Sep 012011

by drmvm1

Movie-making Turks haven’t been shy about including earthy subjects or fleshy cinematic scenes in their films since as far back as the 1950′s. That’s when street-walking prostitutes, drug-dependent harem girls, topless damsels in distress, soapy half-naked bathers, sexually provocative belly dancers, and uninvited-lovemaking first began appearing in conventional Turkish moving-pictures.

The ‘intensity’ of erotic action in conventional Turkish films escalated in the 1960′s when ‘lite’ erotic opposite-sex scenes began to heat up. And in Atif Yilmaz’s otherwise conventional Iki Gemi Yanyana (Two Ships Side by Side), the first lesbian Turkish movie scene — a scorcher for its day, in which Suzan Avci and Sevda Nur french-kissed on camera — gave Turkish movie goers a shock when it was first shown in 1963.

Female cinematic sex-symbols during the ‘Age of the Turkish Vamp’ (1950s – 1960s) included Neriman Köksal (who made 177 films between 1950 to 1995), Funda Yanar [pictured on our website as a topless dancer in Büyük Sehrin Kanunu (Big City Law, 1965] and Leyla Sayar — who, in 1960, performed a memorably bold (we are told) strip-tease act in Atif Yilmaz’s Ölüm Perdesi (Death Curtain)…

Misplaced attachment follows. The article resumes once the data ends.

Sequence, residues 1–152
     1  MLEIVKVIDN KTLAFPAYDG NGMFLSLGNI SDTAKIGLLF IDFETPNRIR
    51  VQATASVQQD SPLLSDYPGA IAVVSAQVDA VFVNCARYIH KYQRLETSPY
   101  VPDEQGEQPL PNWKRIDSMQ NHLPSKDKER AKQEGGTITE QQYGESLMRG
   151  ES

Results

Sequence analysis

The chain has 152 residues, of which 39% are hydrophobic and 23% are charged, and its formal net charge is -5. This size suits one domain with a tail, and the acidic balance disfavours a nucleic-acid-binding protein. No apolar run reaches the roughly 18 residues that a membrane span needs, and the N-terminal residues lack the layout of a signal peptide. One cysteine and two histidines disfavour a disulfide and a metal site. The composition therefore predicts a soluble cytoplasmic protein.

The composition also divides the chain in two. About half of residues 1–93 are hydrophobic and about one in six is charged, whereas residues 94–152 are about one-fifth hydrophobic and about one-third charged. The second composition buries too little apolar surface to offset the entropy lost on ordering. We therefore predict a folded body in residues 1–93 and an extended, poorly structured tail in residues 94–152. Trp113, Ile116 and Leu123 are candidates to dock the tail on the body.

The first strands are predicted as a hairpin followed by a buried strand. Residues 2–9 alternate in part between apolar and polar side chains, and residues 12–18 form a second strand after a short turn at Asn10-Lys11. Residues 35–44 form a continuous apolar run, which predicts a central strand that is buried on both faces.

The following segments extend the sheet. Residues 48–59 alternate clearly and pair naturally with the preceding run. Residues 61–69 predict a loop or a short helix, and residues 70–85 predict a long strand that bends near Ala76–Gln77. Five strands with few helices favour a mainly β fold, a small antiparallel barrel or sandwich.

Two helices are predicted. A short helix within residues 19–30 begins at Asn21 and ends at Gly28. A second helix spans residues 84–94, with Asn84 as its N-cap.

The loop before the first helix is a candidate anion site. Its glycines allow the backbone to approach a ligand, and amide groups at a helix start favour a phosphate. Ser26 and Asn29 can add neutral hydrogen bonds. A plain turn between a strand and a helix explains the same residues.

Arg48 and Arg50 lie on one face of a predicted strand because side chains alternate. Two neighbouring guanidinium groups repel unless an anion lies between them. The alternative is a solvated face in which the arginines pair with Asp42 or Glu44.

But Leyla Hanim drew the line in 1972, when she realized the direction in which the seks filmleri furyasi (erotic films boom) would lead her. And after a short stint as a night club dancer, she quit the entertainment business altogether… opting instead for a simple, pious life.

In 1972, action-man Behçet Nacar’s Parcali Behçet (a movie made in a desperate attempt by film-makers to woo audiences away from their newly acquired home TVs and back to near-empty movie theaters seats) became the first Turkish film to be produced exclusively for purposes of eroticism.

And when Parcali Behçet attracted an overflow opening-day crowd of 7,000 to its initial showing in Konya (Mevlana’s ‘hometown’, in the heart of Turkish religious conservatism) Turkish film-makers took notice (and heart). Subsequently, when the film enjoyed a 6-month run, in two side-by-side theaters smack in middle of that fair city, well, film-makers believed they’d found the holy grail. And from that time through to 1979, the production of erotik Turkish films mushroomed.

The three most popular genres for legally produced Turkish erotik films between 1972 and 1978 were Comedy, Adventure, and Murder Mystery. And they all had a not-very-well-kept secret about them in common. The secret was that Turkish actors and actresses didn’t perform the sex-act for real. They only simulated it… Men wore underwear (briefs) and camera angles were chosen to cover up the fact — sometimes without much success. There are lots of flashes of men’s white briefs in the Turkish erotik films made between 1972 and 1978!